We suggest therefore that skeptics refuse to accept any possibility of the plausibility of a beneficial effect relating to the practice of homeopathy for irrational reasons. These may include one or more of the following:
- They don’t look at the available clinical evidence and so refuse to accept there is a demonstrated clinical effect beyond placebo
- They have no experience of receiving homeopathic treatments
- They are not prepared to recognise that homeopaths, like all good health professionals, might help patients in ways that go beyond merely the prescription of a medicine (in the case of a homeopath, a homeopathic one)
- They don’t acknowledge evidence of benefit of homeopathic remedies in animals
- They do not recognise a consistent logic structure that explains the observed effect because they cannot accept any evidence of a mechanism for ultra-diluted solutions which may not include any remaining bioactive molecules as used in homeopathy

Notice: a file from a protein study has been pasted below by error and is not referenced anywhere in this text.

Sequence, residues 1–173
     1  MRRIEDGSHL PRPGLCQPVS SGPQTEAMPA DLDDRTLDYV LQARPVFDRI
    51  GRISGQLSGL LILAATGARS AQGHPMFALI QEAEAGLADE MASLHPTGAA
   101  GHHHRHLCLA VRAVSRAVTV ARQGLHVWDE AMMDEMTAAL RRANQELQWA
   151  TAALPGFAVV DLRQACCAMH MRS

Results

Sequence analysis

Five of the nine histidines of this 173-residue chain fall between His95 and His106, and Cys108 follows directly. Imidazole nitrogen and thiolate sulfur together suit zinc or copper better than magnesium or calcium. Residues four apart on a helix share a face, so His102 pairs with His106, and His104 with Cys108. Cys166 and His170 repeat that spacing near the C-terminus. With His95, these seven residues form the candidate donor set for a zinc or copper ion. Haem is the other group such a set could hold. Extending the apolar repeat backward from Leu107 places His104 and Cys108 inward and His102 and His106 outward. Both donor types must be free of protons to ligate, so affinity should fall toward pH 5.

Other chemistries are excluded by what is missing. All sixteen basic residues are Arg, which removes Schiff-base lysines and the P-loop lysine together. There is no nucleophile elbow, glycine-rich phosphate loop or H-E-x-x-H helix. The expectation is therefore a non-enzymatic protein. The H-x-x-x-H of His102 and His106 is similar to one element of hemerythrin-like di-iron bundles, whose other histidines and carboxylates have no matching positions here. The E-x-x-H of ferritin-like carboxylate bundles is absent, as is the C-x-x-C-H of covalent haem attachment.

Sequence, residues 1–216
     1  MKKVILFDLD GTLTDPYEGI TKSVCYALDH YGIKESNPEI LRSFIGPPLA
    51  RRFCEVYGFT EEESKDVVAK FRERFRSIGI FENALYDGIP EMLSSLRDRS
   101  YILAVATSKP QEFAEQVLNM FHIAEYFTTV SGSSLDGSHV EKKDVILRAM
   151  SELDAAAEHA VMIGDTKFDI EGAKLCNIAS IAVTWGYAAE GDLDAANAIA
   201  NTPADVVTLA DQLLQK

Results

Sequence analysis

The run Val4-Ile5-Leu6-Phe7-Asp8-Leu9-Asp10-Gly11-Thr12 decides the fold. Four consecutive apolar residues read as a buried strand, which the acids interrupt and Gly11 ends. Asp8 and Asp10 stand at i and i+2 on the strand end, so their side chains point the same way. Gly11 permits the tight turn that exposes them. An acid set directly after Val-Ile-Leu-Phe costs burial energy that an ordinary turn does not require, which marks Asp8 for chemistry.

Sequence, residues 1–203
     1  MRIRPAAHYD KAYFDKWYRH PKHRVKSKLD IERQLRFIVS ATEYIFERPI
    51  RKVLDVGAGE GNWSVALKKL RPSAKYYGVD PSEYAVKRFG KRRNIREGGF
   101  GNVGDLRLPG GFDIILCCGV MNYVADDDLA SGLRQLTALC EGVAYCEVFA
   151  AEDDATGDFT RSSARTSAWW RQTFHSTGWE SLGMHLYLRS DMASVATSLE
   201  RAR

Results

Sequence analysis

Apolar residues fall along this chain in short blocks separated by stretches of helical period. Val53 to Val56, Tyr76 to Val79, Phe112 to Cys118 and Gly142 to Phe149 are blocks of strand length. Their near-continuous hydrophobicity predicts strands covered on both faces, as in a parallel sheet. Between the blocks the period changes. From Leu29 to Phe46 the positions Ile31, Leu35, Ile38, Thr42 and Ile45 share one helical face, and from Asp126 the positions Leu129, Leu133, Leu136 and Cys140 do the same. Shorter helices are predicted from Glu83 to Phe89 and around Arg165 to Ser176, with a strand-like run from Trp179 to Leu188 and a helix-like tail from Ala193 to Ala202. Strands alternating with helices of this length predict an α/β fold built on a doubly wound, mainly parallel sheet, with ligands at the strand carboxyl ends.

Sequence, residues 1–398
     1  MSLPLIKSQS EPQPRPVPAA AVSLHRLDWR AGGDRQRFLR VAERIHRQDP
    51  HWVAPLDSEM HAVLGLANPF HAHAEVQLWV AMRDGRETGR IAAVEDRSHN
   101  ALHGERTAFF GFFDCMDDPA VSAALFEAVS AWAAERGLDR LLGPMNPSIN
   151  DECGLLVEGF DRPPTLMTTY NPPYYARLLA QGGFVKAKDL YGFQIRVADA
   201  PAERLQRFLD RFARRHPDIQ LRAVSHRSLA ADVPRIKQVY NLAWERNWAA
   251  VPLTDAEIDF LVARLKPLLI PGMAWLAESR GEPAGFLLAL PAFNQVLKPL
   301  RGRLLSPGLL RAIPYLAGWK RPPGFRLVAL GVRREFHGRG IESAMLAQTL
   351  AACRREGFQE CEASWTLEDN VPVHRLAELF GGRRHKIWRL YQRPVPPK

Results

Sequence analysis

And the professors spoke…
Water, we already know, is anomalous scientifically. It does a bunch of things we shouldn’t expect of it. Take its unusually high melting and boiling points, considering it is a Group 6A ‘hybride’ of the Periodic Table. They’re not just a little bit higher, but around 100,000 to 150,000 times higher than expected by extrapolation. It also exists in multiple different solid forms, such as the crystalline ice-five or ice-seven forms, or as amorphous ice, all of which change with pressure. As you’ve realised, it’s also less dense in solid than liquid form – water gets less dense unlike other compounds when it’s cooled below 4C. Did you notice your ice doesn’t sink to the bottom of your glass?